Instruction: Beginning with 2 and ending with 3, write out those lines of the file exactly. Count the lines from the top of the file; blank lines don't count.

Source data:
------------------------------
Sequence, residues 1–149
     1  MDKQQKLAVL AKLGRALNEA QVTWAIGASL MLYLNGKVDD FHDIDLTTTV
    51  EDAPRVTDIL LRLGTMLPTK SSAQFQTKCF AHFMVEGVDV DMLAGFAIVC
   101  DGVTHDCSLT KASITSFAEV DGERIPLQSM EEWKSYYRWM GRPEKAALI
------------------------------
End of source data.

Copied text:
     1  MDKQQKLAVL AKLGRALNEA QVTWAIGASL MLYLNGKVDD FHDIDLTTTV
    51  EDAPRVTDIL LRLGTMLPTK SSAQFQTKCF AHFMVEGVDV DMLAGFAIVC